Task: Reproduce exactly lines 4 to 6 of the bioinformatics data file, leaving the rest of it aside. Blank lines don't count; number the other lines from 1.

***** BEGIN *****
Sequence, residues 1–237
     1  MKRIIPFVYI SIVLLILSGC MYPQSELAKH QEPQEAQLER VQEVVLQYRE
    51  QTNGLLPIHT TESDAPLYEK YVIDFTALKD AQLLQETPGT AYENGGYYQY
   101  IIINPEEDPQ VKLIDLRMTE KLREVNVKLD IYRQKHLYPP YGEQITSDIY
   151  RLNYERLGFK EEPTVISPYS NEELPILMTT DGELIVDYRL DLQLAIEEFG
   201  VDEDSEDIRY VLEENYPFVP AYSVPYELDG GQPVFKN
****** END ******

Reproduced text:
   101  IIINPEEDPQ VKLIDLRMTE KLREVNVKLD IYRQKHLYPP YGEQITSDIY
   151  RLNYERLGFK EEPTVISPYS NEELPILMTT DGELIVDYRL DLQLAIEEFG
   201  VDEDSEDIRY VLEENYPFVP AYSVPYELDG GQPVFKN